It Ain’t What You Say, It’s The Way That You Say It

By Paul M

Now that the International Court of Justice has issued its latest ruling on the Israel/Hamas war, world media spanning the spectrum from the BBC to Al Jazeera (yes, I know) are trumpeting that it has ordered Israel to stop fighting in Rafah. As readers here will know, the Israeli government interprets the ruling differently, saying that it only requires them not to do anything genocidal, which isn’t a problem because they haven’t and won’t.

Israel’s reading isn’t just the desperate and far-fetched pleading of a convicted felon, it’s supported by several of the Court’s own judges. Of the five who have added their own commentary to the ruling, four (one of whom is Israel’s own, temporary member, Aharon Barak) have said they interpret it the same way. The only one out of the other eleven to state that the ruling is an absolute ban is the South African judge, Dire Tladi, who has no more of a claim to impartiality than Barak does.

All of this is the result of the Court’s strangely Delphic pronouncement. The crucial part is a single, one-sentence paragraph in the Conclusions:

50. The Court considers that, in conformity with its obligations under the Genocide Convention, Israel must immediately halt its military offensive, and any other action in the Rafah Governorate, which may inflict on the Palestinian group in Gaza conditions of life that could bring about its physical destruction in whole or in part.

But why is it so opaque? A clearer statement would also have been easier to draft and they could have simply said that Israel must stop. Had they even chosen merely to leave out one or other of the two commas, the paragraph would say what the BBC claims it does. But they didn’t.

The Times of Israel has an interesting analysis of the decision in which the author points out that it’s not unusual for judges to finesse words to produce a document that all of them, or as many as possible, can sign on to. I think that’s probably right in this case too, but I think there’s also something else.

I don’t believe the ICJ actually could have ordered Israel to stop, without either producing new, definitive evidence of genocide—which, if they had it, they would have presented (and been both duty-bound and happy to do so)—or prejudicing their own, ongoing investigation into exactly that question. The Court has no powers to simply order fighting to cease, let alone for one side to surrender, in the absence of war crimes. The whole premise of the laws of armed conflict, after all, is that war is fixture of the human condition, can’t be effectively banished and is indeed sometimes justified. All the law aims to do is tame the worst excesses. I’m happy to admit that international law is not my strongest suit, but I don’t think they can say “You must stop because you could commit genocide” either. To whom does that not apply? In view of that, the Israeli government’s (and Ghanaian, German, Romanian and Israeli judges’) interpretation has to be the correct one: If Israel’s not committing genocide, it’s free to fight on.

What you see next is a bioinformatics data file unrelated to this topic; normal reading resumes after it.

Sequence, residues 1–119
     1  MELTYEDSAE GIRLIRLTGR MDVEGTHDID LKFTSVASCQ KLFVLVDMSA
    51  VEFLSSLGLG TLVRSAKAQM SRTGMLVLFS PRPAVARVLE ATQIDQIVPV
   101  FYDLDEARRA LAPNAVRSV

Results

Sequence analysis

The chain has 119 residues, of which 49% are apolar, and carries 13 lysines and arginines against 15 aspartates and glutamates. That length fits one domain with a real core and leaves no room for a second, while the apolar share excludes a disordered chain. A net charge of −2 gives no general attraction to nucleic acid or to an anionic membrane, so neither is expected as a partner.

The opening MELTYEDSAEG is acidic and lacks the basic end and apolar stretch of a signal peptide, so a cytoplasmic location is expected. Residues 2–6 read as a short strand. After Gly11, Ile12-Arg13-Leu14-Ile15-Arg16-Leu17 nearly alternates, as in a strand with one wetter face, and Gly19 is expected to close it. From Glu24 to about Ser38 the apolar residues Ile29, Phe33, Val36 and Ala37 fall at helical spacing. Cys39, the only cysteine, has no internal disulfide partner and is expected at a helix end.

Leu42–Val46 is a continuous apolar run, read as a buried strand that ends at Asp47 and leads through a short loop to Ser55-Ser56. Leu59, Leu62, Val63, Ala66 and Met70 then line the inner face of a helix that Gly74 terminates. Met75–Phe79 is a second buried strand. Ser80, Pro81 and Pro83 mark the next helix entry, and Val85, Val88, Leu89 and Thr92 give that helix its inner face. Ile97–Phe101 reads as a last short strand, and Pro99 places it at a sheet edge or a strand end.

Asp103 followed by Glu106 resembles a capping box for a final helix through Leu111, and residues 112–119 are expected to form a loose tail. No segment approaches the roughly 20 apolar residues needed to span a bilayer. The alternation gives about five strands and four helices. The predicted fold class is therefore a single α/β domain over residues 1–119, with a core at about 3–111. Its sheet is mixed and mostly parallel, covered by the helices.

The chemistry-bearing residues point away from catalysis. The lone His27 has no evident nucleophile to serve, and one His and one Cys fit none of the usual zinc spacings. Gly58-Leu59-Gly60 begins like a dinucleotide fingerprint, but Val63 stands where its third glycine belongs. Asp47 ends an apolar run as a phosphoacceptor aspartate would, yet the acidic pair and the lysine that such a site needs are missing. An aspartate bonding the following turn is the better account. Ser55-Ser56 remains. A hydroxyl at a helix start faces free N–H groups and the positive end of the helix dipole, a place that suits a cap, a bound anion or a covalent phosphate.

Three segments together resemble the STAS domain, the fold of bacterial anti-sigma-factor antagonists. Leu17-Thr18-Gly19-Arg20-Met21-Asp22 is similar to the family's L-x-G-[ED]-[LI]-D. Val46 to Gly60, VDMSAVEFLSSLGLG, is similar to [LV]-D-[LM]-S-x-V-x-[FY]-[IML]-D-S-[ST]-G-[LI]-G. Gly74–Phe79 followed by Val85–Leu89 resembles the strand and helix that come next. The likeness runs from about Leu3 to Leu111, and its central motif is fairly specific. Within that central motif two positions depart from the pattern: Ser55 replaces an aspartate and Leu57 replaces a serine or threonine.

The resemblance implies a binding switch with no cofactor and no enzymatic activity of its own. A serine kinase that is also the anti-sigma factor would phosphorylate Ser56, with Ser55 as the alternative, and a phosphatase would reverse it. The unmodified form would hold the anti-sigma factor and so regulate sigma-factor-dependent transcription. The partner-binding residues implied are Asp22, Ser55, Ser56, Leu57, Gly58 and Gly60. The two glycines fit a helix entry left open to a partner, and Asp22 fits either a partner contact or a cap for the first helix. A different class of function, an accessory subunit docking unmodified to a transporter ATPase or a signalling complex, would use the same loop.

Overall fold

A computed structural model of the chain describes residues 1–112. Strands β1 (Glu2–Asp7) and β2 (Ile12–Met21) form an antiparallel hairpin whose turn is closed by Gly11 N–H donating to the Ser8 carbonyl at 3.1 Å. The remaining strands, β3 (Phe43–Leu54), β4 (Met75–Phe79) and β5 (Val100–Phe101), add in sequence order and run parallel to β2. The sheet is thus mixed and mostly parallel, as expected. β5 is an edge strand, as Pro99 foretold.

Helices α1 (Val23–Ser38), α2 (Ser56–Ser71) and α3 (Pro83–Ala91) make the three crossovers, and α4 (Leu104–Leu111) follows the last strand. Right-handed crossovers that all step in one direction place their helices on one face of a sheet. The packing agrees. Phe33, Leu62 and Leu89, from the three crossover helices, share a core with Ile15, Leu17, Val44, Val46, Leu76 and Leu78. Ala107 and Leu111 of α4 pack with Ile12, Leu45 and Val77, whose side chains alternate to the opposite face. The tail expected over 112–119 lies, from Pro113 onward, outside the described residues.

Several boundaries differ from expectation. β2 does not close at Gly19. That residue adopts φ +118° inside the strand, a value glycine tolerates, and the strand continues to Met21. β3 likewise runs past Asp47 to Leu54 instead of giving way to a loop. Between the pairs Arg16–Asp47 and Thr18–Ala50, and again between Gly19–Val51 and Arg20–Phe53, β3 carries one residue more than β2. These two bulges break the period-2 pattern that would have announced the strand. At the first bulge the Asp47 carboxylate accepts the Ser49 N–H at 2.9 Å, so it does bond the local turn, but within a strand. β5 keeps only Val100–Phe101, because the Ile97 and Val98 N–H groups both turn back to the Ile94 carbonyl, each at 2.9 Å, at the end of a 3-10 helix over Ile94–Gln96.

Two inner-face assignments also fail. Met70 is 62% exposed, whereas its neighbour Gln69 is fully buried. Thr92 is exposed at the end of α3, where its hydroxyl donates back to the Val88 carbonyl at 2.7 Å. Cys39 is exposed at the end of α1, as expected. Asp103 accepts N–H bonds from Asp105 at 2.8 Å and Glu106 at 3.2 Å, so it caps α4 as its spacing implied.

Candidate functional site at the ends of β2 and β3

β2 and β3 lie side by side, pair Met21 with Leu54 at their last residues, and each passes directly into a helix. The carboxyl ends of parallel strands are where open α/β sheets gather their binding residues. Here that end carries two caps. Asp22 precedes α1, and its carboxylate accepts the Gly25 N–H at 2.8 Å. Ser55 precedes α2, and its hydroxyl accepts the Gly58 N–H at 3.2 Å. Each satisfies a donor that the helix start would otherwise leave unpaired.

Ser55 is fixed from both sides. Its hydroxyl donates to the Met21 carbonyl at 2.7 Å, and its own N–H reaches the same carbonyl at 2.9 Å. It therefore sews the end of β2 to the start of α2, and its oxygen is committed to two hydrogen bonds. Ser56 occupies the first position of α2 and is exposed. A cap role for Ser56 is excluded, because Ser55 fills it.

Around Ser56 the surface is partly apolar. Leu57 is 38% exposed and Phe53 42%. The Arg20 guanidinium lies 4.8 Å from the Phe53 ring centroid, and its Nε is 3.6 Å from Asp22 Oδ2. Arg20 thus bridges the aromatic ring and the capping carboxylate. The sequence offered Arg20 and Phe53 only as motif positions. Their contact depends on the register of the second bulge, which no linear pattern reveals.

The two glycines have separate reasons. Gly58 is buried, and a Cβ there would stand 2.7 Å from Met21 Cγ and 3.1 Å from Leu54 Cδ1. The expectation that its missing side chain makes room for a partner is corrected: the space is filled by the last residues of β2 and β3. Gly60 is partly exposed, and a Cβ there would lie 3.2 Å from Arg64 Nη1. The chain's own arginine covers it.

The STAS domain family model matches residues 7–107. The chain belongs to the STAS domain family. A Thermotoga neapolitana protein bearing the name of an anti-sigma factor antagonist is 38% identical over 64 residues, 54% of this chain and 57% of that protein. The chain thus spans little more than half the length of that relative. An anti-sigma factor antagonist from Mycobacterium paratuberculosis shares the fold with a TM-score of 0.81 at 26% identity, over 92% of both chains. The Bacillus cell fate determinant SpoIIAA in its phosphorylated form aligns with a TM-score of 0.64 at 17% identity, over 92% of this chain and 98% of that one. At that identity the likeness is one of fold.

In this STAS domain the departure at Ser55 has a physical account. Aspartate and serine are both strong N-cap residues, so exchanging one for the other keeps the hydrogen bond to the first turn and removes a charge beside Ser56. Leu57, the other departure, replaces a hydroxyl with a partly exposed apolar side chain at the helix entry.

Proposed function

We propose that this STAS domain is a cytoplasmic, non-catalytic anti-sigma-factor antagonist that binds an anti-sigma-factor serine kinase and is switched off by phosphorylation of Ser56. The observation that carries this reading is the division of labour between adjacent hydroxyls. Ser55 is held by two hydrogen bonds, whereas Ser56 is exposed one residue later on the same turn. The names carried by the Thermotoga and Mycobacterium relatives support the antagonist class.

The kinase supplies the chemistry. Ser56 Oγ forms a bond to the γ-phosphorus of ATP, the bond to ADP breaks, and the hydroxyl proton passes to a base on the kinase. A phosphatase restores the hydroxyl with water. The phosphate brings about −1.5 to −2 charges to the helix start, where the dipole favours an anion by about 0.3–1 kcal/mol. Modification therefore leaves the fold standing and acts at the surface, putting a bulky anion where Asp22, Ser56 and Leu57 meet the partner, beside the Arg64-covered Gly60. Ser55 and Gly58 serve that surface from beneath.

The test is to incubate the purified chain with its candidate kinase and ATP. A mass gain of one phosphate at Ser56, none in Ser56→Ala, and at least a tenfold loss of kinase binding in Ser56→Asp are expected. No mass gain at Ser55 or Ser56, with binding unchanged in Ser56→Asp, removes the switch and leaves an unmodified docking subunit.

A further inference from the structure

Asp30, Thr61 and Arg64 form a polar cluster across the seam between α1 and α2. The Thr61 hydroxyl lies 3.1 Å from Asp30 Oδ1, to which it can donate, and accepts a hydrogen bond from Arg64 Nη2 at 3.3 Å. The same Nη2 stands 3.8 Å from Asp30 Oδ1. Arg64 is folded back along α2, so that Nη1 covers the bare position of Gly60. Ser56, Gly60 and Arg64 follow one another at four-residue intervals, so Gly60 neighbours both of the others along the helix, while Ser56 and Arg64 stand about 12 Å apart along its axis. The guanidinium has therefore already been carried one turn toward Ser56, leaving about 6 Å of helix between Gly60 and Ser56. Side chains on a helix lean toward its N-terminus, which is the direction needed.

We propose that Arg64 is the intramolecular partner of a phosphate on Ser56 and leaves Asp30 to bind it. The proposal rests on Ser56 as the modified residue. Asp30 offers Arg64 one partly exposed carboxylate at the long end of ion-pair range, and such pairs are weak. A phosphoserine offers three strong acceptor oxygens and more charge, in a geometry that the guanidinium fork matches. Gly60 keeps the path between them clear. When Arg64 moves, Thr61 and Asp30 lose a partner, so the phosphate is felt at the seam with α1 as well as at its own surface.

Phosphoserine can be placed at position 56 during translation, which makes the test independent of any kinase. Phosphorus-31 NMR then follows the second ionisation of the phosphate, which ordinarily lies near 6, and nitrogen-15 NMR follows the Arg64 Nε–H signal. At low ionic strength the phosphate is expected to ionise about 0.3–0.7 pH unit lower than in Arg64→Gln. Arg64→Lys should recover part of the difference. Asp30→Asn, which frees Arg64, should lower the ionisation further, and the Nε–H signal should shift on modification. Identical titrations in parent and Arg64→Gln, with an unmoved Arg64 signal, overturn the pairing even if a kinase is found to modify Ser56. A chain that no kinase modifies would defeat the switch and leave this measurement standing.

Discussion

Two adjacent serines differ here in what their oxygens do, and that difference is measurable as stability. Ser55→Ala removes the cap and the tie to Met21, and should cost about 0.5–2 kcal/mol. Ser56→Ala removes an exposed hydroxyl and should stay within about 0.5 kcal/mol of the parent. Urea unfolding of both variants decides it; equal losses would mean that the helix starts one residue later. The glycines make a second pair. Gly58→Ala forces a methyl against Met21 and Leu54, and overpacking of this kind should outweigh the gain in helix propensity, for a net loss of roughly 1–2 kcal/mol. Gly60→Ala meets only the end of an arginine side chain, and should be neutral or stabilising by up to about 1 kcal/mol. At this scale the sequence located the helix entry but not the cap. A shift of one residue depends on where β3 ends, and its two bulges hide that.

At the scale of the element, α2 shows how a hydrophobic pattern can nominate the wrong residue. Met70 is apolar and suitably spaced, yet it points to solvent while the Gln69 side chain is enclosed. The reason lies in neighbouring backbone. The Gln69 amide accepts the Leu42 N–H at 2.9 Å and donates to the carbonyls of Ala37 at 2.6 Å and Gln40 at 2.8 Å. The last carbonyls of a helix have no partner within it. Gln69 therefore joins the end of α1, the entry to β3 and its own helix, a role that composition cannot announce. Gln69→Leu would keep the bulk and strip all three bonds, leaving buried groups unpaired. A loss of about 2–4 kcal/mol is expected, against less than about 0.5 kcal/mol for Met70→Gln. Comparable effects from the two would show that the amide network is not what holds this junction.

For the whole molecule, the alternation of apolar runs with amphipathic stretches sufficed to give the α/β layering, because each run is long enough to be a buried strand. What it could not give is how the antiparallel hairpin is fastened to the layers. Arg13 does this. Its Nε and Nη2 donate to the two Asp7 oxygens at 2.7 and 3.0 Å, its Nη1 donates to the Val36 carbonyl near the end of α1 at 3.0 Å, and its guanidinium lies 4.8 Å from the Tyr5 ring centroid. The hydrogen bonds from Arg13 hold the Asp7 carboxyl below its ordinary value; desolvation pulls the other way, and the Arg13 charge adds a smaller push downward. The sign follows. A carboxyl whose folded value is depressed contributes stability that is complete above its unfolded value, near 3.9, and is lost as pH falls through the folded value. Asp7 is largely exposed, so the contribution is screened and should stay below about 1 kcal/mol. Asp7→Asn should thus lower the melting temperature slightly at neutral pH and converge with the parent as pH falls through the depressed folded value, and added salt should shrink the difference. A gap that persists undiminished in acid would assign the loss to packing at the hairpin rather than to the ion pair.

The question still remains of why Paragraph 50 is so ambiguous. Why not simply say what I just did, in more impressive legal language? In fact, you’d think clarity on that of all points, the core issue before them, would have been imperative if their whole concern was for the protection of innocents. Were they not capable of better prose? Clearly they are; the rest of their ruling may be turgid, but it’s clear enough. So then it’s obscure by choice. Why? If there’s an alternative explanation to this, I’m not seeing it: Too many of the judges were not willing to say outright “Israel can conduct its war in Rafah if it’s sufficiently careful.” The corollary to which is that they wanted to say what they knew they could not: “Israel must stop fighting.” Whatever else they are, the judges are not naive. They can’t not have known that Israel’s enemies would leap on their peculiar formulation and present it as a clear command to Israel. Whether out of tender concern for Palestinian innocents or animus toward Israel, Their Excellencies get to have their cake and eat it: Israel will be pilloried for flouting the court’s ruling and pressured to halt, but their own hands remain (relatively) clean.

International humanitarian law, never particularly robust, is tottering. It will finally be tested to destruction when one of the important democratic nations finds itself in a major conflict and under legal attack in the same ways that are being tried out on Israel. Then those important nations will focus on the threat they’d rather ignore now and one of two things will happen. Either they will start to insist that the laws of war work the way their framers intended, with the protections extending only to parties that make the reciprocal commitment, or the whole edifice will simply collapse and be swept away. The results of the two options won’t look much different from each other except that in the first, the Important Democracy will try to retain the moral high ground. It will stand a better chance if the precedent hasn’t already been set, and if it doesn’t look like (and isn’t) a hypocrite.